Halloween Horrors - Yay or Nay?
Halloween approaches and all around us is evidence that some of the world is obtuse to the experience of others. At least, as a trauma therapist, that's what I see when the ghosts and goblins start decorating homes around mine. Research shows that for some lucky folks, the experience of a "fright" in a safe environment (such as a movie theater or haunted house) causes a pleasurable release in dopamine and a sense of joyous thrill. However, this pleasurable reaction is often NOT the case for some:
young children (if they are too young to properly determine if a threat is real or pretend),
some trauma survivors,
some people with panic disorders, or
for highly-sensitive persons (HSPs).
Instead, a "fright" may trigger a response in the brain that feels rather unpleasant and much like past experiences of real terror.
An analogy for "horror" material, like frightening movies or haunted houses, can be found in spicy peppers. Some mouths have fewer taste buds and experience a pleasurable sensation in response to spicy peppers, while other mouths have more sensitivity to peppers, and the same pepper may feel exquisitely painful and unpleasant. Similarly, some people have a more intense and unpleasant physiological reaction to scary stuff than others.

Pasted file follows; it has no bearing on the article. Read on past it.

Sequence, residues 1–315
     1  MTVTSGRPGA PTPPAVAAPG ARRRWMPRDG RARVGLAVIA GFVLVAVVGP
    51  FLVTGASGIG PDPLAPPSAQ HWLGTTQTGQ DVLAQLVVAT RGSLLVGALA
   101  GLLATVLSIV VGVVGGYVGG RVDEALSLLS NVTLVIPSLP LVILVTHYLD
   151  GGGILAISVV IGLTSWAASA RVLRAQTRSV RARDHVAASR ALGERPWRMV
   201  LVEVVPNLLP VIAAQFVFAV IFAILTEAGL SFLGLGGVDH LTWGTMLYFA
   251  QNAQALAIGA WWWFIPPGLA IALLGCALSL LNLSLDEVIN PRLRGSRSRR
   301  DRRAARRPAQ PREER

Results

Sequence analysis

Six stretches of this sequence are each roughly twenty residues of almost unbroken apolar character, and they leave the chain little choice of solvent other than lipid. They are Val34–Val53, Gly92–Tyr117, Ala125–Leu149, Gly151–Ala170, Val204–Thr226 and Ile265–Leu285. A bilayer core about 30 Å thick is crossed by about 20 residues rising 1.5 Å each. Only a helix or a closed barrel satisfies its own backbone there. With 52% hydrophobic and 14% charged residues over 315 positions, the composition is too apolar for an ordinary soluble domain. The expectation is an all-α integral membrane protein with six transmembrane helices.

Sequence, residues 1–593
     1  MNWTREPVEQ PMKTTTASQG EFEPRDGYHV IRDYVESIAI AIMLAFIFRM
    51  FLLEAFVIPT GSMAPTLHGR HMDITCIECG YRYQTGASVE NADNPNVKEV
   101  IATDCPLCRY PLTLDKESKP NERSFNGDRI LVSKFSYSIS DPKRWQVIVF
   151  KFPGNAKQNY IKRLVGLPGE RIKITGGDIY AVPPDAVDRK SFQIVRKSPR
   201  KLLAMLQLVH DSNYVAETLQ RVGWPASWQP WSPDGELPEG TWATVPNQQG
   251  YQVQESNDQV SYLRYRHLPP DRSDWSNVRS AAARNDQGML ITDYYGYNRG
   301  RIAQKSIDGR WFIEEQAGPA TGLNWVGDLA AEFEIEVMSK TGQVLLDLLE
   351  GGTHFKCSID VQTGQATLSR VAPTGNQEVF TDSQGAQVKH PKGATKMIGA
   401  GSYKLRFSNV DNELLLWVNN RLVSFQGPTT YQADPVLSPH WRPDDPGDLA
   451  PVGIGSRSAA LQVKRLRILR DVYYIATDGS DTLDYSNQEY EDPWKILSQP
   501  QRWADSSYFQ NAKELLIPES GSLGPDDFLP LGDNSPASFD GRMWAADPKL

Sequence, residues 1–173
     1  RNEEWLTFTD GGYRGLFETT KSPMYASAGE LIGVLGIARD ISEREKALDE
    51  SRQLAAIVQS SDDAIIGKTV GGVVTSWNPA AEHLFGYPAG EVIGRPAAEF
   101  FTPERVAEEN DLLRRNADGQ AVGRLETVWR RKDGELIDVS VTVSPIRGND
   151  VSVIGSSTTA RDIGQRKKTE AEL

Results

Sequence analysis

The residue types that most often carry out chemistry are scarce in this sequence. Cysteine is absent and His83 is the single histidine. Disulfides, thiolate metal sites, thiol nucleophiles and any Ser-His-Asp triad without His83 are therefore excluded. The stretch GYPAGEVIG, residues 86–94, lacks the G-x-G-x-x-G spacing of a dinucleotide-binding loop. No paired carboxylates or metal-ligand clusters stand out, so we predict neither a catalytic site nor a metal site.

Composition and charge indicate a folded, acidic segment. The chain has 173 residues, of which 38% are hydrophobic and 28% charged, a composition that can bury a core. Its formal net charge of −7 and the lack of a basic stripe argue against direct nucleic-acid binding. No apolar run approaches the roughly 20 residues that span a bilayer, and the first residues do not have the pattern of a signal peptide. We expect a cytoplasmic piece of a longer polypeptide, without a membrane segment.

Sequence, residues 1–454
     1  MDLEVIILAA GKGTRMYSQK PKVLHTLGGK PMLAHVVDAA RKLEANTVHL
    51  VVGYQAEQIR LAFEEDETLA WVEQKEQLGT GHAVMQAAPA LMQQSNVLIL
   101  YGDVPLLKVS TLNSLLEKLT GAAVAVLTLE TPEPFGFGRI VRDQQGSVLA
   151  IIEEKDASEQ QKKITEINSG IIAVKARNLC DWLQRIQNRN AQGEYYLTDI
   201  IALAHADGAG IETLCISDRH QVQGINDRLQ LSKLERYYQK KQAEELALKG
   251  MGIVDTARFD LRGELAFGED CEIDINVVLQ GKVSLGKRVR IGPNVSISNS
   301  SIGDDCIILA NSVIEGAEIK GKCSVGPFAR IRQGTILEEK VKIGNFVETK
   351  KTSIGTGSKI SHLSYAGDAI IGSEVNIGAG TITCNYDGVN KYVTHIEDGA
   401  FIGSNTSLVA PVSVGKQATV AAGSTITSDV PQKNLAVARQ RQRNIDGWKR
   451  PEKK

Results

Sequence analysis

Just as you might not serve ghost peppers at a community picnic (even if you personally love them), please extend the same courtesy to your community at Halloween and be mindful that for many people, gory or startling content triggers very unpleasant physiological reactions. Onlookers amusement at someone's unpleasant physiological reaction and suffering seems rather cruel and inhumane. Consider giving Halloween guests a heads up about frightening surprises, so they can decide for themselves if they want to participate or excuse themselves, just like you might give fair warning if you decided to serve ghost peppers to dinner guests. If there are children around, make sure each child feels safe and is only given small doses of fright they can handle, as early childhood experiences of too-much-fright can rob that child forevermore of the ability to experience the pleasurable side of fright-seeking.
Best wishes for a happy and not-too-scary (or spicy) Halloween!